Mental illness rarely leads to gun violence, researchers conclude

New policies and laws are in place in many states, including California, to restrict gun access for people with mental illness, but research suggests there’s largely no connection between mental illness and gun violence.

According to several major polls over the last few years, more than half of Americans believe the mental health system is to blame for mass shootings. However, statistically mentally ill are far more of a danger to themselves than others.

A study released this year and led by researchers at the University of Texas, shows news media coverage and political rhetoric has shaped the flawed narrative and public perception, and ultimately, influenced policymaking. 

“We really need to stop blaming gun violence on mental illness,” Jeff Temple, director of behavioral health and research at University of Texas said. “That’s only going to continue to stigmatize this already vulnerable population and we really need to focus on access to guns or limiting access to guns.”

Temple and his team surveyed more than 600 young adults and teens with an average age of 22, asking them about gun access, gun ownership, gun carrying and gun threats. The findings, published in a preventive medicine journal, concluded access to firearms is the primary culprit.

He explained to KTVU that mental conditions like depression, anxiety and ADHD have no connections to violence and in his studies, found only about 4 % of violent crime in the United States stems from those with a mental illness.

“If we look at mental health in other peer countries, it’s the same rates, the same care,” Temple said. “But they don’t have any gun violence because they don’t have guns. In reality, it’s access to guns.”

Statistics show that gun-related deaths are not mass shootings. Instead, two-thirds of all the deaths caused by guns are suicide. And researchers at University of California Davis back-up that statistic, finding mass shootings only make up 1 % of overall gun violence.

“It does not do us a service – if our interest is preventing firearm violence – to focus on just the one percent of the problem,” director of the Violence Prevention Research Program Garen Wintemute said. “We need to focus on the 100 % of the problem.”

Wintemute has nearly four decades of experience studying gun violence and is focused on prevention. He’s a large supporter of Gun Violence Restraining Orders where a family member or member of law enforcement can ask a judge to prevent someone from having or buying a gun. They’re largely known as ‘red flag’ laws aimed at preventing the person from harming themselves or others.

As with other research, Wintemute agrees that mental health is not linked to mass shooters and instead points to his research that shows being male, facing rejection or suffering recent trauma can be risk factors. He also explained the risk increases if there’s also alcohol abuse, drug abuse or a prior history of violence. Specifically, domestic violence can be a major factor in predicting future violent behavior.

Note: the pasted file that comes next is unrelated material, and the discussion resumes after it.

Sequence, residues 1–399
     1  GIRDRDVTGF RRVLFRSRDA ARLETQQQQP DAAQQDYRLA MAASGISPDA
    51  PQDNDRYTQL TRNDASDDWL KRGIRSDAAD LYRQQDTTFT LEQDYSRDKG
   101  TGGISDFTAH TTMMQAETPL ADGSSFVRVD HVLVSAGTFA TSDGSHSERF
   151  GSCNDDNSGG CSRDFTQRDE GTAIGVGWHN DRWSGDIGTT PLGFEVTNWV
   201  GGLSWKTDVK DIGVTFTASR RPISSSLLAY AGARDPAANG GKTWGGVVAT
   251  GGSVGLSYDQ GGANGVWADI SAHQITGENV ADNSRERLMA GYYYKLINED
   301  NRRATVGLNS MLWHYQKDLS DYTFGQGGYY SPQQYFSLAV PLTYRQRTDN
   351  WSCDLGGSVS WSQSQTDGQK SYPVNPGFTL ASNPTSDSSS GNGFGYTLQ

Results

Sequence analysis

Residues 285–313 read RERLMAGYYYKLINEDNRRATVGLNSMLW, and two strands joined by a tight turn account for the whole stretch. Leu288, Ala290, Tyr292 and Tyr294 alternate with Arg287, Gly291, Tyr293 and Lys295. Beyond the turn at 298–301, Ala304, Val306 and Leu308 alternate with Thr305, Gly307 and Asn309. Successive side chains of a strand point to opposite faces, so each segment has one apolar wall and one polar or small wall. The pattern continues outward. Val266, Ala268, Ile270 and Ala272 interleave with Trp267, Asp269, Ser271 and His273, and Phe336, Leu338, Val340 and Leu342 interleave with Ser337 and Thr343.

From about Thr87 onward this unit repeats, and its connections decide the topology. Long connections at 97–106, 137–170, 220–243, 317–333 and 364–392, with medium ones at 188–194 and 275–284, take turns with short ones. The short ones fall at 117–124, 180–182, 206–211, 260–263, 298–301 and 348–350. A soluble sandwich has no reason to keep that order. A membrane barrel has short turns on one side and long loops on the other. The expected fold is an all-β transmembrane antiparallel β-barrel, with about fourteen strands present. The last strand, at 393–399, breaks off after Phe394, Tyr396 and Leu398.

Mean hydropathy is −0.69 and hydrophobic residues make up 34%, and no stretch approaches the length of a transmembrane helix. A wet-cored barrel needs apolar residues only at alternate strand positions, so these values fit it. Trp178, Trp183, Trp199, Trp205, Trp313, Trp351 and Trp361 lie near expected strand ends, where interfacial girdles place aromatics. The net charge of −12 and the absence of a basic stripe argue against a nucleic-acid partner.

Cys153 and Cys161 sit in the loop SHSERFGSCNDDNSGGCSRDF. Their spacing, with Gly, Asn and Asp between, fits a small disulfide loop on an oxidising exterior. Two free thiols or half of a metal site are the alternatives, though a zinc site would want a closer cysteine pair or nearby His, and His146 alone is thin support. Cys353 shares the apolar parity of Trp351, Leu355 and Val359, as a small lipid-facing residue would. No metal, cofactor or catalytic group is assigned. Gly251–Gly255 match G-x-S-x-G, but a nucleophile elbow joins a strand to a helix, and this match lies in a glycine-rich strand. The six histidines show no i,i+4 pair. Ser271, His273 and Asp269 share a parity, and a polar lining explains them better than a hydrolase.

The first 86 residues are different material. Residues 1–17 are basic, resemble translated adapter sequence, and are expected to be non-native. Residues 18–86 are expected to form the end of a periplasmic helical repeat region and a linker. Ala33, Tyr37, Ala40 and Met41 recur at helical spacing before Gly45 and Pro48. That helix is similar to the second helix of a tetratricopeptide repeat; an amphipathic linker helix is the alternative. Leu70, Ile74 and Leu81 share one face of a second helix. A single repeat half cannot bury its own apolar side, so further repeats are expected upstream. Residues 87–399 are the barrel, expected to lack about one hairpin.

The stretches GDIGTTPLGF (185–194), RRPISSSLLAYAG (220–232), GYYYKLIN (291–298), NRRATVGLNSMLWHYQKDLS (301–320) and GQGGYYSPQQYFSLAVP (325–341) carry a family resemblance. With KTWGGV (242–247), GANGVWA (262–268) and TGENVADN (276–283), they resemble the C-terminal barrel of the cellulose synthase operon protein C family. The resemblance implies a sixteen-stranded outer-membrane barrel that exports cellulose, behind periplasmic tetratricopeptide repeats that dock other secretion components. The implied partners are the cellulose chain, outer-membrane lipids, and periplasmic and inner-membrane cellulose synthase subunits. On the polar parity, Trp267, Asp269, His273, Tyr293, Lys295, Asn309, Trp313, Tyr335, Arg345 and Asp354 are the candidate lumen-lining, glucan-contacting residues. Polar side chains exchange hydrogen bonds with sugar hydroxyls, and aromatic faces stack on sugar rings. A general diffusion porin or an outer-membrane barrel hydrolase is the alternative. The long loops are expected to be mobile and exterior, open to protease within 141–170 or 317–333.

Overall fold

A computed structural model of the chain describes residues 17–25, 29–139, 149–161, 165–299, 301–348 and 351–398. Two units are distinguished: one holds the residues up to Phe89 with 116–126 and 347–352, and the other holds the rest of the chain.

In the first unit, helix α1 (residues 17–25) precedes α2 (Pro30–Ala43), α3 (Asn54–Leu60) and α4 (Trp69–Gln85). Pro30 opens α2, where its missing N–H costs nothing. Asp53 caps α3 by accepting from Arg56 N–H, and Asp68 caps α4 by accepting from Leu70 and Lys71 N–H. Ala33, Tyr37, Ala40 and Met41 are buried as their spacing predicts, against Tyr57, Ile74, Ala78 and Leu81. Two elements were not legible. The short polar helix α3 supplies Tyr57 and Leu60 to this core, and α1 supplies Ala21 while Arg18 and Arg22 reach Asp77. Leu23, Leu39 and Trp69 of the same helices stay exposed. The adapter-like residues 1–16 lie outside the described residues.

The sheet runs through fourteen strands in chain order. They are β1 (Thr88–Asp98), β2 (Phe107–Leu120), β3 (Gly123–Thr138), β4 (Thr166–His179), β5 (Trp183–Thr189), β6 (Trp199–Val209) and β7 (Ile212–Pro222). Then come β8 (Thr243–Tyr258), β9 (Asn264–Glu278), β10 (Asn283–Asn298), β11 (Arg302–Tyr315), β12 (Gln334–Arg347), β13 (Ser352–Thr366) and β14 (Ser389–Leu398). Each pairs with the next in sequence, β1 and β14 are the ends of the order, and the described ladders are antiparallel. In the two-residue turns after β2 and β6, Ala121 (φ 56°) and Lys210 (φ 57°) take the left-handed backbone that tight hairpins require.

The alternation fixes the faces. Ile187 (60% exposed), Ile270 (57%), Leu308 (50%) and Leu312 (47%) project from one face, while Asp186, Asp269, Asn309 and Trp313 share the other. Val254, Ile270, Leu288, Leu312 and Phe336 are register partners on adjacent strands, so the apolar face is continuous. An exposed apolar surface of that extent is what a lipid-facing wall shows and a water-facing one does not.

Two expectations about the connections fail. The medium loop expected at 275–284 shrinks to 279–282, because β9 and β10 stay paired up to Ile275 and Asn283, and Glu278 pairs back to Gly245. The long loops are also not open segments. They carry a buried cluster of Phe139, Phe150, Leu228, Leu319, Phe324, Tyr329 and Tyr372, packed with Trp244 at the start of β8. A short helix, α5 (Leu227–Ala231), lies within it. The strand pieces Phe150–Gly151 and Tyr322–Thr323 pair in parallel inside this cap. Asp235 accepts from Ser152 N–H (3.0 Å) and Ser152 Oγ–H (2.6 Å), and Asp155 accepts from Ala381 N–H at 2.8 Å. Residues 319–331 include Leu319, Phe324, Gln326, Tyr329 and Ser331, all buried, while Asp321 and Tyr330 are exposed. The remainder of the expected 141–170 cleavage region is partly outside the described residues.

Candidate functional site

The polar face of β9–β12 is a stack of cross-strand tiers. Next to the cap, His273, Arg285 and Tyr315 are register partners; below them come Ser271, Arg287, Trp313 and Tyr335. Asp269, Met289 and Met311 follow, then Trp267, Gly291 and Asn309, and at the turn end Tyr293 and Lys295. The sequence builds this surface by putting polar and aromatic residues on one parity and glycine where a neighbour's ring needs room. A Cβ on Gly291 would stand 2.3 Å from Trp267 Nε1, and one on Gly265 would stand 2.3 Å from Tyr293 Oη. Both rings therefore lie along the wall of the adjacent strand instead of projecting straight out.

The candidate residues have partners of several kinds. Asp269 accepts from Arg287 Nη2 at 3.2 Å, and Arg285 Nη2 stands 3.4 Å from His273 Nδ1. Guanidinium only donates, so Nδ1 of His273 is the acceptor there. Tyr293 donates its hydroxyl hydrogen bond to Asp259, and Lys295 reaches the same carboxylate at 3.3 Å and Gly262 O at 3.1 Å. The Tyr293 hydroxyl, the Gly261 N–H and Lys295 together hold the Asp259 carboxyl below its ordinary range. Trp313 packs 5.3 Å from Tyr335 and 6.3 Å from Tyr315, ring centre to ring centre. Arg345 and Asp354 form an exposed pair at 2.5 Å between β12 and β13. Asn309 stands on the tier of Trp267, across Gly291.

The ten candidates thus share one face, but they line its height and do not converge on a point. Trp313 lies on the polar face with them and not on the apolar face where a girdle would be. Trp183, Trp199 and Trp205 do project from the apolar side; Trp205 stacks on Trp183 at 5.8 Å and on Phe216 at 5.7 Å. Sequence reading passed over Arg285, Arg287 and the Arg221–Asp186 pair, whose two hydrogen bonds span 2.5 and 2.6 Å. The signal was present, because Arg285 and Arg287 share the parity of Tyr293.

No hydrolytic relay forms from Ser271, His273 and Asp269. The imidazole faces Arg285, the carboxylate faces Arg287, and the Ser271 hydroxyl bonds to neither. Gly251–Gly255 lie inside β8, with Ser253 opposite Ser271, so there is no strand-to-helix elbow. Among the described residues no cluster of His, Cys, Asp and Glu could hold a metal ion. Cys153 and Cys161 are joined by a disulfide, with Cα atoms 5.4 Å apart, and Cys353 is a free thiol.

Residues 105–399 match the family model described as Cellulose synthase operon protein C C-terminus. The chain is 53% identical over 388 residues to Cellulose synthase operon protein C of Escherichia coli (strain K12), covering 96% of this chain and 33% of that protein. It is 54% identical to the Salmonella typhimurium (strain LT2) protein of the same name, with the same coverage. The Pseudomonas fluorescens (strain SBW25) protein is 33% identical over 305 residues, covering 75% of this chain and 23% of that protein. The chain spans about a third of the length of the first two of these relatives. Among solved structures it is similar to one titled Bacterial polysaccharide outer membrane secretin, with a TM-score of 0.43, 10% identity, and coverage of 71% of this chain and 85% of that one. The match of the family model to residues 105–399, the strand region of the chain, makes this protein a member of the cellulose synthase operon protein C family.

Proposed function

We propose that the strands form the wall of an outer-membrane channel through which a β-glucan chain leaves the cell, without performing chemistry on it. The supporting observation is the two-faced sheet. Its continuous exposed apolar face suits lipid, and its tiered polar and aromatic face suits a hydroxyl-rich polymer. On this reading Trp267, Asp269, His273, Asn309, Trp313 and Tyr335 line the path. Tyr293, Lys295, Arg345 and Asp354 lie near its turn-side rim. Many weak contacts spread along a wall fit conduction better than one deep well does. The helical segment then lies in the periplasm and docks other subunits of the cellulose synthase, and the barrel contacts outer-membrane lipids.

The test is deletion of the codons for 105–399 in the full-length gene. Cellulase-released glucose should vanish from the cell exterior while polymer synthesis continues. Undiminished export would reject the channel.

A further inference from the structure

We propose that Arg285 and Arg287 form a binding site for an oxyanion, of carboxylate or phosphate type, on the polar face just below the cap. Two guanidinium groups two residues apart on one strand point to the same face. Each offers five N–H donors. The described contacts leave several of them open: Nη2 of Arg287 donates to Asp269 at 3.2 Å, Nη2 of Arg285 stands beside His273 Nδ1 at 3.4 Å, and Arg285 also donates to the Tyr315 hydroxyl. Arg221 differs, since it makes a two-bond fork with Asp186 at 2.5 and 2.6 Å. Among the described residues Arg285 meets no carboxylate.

“More than 80 % of the time, the shooters declare their intention in advance,” Wintemute said. “There’s actually an opportunity to intervene and prevent the event from happening in the first place.”

That could have been the case in Santa Barbara in 2014 when a college student went on a shooting rampage and stabbing spree. Family members saw the warning signs but couldn’t legally do anything, which prompted California’s red flag law, passed in 2016. 

The most recent data shows that over three years since the law was implemented, more than 400 gun violence restraining orders were issued when warning signs were seen.

Unlike the results surrounding mental health, several peer-reviewed, scholarly studies show interpersonal relationships can be directly linked to gun violence. That could be an employee who’s angry at their boss, a man who’s mad at his cheating wife, or a male teen who is rejected by a female.

Researchers explained it is important people see the difference between violent behavior and those diagnosed with clinical mental conditions. Linking acts of violence to mental illness has been found to increase the stigma of mental illness. The University of Texas study said it can actually increase negative feelings, which makes it more difficult for people with mental disorders to ask for help.

Right now, there is more progress being made in California. Anyone convicted of domestic violence in 2019 onward is banned from owning a gun. Still, researchers hope more can be done to stop gun violence.

“For the first time, everybody in the country is starting to see this as a problem that affects them personally,” Wintemute said. “I think in the coming years we’re going to see some real change – the kind we’ve been hoping for, for decades.”